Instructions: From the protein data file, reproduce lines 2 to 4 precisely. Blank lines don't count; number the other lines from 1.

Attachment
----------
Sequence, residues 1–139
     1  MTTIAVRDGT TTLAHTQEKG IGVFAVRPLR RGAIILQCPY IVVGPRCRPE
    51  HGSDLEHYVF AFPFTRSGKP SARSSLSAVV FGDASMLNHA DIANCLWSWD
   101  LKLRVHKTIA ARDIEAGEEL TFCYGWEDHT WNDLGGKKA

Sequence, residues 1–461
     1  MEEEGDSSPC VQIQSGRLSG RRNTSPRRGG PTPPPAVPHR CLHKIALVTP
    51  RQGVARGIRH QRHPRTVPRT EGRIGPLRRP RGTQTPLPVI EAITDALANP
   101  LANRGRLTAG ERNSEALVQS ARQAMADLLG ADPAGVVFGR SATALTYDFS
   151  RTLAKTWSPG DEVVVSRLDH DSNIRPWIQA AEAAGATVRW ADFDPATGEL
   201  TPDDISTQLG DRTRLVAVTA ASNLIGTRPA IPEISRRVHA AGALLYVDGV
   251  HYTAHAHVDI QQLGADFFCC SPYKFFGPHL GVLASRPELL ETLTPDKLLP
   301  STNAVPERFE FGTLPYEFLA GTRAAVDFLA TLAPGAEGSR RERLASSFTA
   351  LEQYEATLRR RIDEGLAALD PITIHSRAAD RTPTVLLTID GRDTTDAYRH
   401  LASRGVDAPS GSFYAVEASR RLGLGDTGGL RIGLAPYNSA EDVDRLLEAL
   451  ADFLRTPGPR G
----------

     1  MTTIAVRDGT TTLAHTQEKG IGVFAVRPLR RGAIILQCPY IVVGPRCRPE
    51  HGSDLEHYVF AFPFTRSGKP SARSSLSAVV FGDASMLNHA DIANCLWSWD
   101  LKLRVHKTIA ARDIEAGEEL TFCYGWEDHT WNDLGGKKA